SABBATH: A “DAY” OF FREEDOM | 7/18/2019 | Staff (Posted by) Level 4
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Sabbath in ancient Israel is about justice and liberation. The cessation of work on Sabbath is not meaningless ritual required to pad a divine ego. Rather, it is a lesson to humanity on how to live in community with fellow beings in ways that facilitate liberation. This becomes evident as one observes that in the Hebrew Bible, Sabbath is not only about the seventh day. It is also the seventh year, and the seven-times-seventh year. After six years of planting, the land must rest. After six years of service, the slave must be emancipated and given enough provisions to start over. Jubilee comes at the end of seven cycles of sabbatical years falling on the fiftieth year. According to Leviticus 25:10, the fiftieth year is sacred—it is a time of freedom and of celebration when everyone receives back foreclosed property, slaves return home to their families, and the land rests.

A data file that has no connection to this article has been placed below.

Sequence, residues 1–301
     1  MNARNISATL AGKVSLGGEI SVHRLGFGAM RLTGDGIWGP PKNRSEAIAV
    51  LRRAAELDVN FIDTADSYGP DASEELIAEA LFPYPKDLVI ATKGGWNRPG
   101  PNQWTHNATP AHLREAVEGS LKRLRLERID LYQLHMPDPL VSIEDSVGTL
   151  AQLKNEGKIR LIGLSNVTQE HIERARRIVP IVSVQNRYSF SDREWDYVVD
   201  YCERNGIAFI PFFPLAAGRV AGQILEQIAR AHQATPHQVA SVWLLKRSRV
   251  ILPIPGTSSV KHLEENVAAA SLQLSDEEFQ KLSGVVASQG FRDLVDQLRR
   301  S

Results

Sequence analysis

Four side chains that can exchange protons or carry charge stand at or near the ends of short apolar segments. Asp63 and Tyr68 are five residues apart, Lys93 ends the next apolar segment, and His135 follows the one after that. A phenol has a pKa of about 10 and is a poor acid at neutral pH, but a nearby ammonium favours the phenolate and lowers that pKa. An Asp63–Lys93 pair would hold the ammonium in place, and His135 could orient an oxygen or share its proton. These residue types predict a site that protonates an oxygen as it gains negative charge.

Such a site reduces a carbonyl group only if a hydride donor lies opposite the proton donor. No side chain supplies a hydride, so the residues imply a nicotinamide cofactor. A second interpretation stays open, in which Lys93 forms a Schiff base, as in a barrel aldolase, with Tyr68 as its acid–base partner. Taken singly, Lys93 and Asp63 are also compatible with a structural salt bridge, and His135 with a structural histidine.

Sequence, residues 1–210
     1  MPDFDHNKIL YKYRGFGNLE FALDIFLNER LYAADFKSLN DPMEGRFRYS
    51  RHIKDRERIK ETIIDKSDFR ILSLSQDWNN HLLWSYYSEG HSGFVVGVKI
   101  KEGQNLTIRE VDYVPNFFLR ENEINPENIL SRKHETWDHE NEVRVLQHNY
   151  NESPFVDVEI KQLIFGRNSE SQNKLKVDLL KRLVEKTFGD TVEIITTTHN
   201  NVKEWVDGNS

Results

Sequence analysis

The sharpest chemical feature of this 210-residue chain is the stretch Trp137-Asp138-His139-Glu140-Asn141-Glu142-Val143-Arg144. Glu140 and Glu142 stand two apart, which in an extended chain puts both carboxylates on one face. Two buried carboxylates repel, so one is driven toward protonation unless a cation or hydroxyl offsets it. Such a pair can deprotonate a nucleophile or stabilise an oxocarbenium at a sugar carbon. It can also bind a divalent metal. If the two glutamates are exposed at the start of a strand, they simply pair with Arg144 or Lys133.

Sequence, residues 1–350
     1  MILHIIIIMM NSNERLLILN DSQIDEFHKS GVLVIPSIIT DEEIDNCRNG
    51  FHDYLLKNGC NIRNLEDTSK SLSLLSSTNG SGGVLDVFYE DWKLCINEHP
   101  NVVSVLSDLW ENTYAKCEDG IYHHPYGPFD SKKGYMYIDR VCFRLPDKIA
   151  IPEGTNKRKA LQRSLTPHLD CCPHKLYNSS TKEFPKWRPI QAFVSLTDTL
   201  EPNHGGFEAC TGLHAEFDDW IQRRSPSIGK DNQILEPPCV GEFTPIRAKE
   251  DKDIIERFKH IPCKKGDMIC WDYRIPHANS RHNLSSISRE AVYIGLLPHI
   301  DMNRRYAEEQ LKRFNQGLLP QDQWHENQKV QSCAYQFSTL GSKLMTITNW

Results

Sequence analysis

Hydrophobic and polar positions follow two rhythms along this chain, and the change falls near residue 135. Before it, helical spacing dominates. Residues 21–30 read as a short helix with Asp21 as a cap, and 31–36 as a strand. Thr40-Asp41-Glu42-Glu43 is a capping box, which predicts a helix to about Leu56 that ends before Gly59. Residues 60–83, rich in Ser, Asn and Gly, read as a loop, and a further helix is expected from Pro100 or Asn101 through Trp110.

Sabbath is a lesson that beyond the hurry scurry of everyday life, above the many attempts to identify ourselves as individual persons, classes, groups and species, there is only One in which we are all bounded through grace; and the more we become conscious of this reality, the less unfree we become. Outside of this understanding of Sabbath, a seventh-day observance amounts to mere idolatry.

Reading - Commandment - Exodus - Deuteronomy - Versions

Close reading of the fourth commandment in both the Exodus 20:8–11 and Deuteronomy 5:12–15 versions indicates that Sabbath is about solidarity in community. Everyone must rest, including the livestock and the slave. The Exodus version reminds Israel that all creation comes from One. And the Deuteronomy version reminds Israel that they were slaves in Egypt—they were once outcasts on the margins of society. It is a comprehensive call for solidarity to do to others as you would have them do to you.

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